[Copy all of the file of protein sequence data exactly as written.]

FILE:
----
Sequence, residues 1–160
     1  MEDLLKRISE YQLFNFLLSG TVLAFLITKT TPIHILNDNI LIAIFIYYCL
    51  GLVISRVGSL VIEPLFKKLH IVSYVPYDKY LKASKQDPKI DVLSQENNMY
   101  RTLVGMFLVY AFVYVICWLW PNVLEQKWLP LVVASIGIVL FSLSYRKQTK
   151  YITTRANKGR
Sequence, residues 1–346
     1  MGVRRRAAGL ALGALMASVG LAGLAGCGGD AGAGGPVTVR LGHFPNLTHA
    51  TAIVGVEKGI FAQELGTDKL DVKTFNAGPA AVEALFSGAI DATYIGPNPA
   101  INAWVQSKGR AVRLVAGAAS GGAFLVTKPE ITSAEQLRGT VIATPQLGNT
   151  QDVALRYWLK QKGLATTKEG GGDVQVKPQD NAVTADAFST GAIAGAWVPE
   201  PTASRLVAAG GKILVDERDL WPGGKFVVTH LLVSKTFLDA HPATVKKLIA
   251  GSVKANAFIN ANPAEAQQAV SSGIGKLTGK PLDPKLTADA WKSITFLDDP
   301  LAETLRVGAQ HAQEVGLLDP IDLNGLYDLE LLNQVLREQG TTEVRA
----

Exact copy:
Sequence, residues 1–160
     1  MEDLLKRISE YQLFNFLLSG TVLAFLITKT TPIHILNDNI LIAIFIYYCL
    51  GLVISRVGSL VIEPLFKKLH IVSYVPYDKY LKASKQDPKI DVLSQENNMY
   101  RTLVGMFLVY AFVYVICWLW PNVLEQKWLP LVVASIGIVL FSLSYRKQTK
   151  YITTRANKGR
Sequence, residues 1–346
     1  MGVRRRAAGL ALGALMASVG LAGLAGCGGD AGAGGPVTVR LGHFPNLTHA
    51  TAIVGVEKGI FAQELGTDKL DVKTFNAGPA AVEALFSGAI DATYIGPNPA
   101  INAWVQSKGR AVRLVAGAAS GGAFLVTKPE ITSAEQLRGT VIATPQLGNT
   151  QDVALRYWLK QKGLATTKEG GGDVQVKPQD NAVTADAFST GAIAGAWVPE
   201  PTASRLVAAG GKILVDERDL WPGGKFVVTH LLVSKTFLDA HPATVKKLIA
   251  GSVKANAFIN ANPAEAQQAV SSGIGKLTGK PLDPKLTADA WKSITFLDDP
   301  LAETLRVGAQ HAQEVGLLDP IDLNGLYDLE LLNQVLREQG TTEVRA